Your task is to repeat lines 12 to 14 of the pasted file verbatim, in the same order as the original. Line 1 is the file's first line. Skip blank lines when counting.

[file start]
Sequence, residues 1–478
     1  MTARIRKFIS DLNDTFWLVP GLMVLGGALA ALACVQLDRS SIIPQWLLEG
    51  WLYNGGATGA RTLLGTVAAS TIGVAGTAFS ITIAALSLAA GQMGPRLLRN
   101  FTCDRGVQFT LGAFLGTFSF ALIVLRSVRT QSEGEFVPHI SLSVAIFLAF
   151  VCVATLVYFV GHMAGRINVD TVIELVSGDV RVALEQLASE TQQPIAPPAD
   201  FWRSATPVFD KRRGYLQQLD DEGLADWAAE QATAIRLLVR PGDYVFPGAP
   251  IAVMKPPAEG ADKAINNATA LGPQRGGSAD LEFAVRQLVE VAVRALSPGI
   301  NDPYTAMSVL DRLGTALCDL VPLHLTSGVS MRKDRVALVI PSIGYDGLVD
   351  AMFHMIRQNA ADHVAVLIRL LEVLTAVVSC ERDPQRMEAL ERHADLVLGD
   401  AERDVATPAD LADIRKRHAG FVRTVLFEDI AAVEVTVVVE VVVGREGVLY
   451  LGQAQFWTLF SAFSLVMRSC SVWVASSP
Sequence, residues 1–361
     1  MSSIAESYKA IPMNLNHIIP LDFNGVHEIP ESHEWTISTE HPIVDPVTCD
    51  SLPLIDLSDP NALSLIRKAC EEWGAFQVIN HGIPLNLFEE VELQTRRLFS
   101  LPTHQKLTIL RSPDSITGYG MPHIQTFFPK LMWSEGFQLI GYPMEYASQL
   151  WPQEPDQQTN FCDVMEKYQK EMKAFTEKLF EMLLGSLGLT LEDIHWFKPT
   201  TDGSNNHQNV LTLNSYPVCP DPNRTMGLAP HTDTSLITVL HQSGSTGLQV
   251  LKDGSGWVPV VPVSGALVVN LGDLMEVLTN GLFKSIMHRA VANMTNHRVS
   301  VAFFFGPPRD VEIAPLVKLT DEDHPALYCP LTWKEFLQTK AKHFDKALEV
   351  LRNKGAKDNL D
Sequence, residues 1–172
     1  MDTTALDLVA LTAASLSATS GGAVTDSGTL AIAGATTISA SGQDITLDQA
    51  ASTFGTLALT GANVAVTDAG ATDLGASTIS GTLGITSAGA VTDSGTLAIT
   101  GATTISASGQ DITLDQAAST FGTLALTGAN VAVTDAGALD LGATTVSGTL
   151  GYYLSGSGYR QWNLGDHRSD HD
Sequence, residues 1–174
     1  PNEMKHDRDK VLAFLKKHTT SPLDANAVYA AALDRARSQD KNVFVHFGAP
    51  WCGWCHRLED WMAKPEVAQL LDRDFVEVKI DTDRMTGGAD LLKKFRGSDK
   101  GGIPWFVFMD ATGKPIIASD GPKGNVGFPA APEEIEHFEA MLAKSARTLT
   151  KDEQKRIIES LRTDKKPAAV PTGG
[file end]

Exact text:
Sequence, residues 1–361
     1  MSSIAESYKA IPMNLNHIIP LDFNGVHEIP ESHEWTISTE HPIVDPVTCD
    51  SLPLIDLSDP NALSLIRKAC EEWGAFQVIN HGIPLNLFEE VELQTRRLFS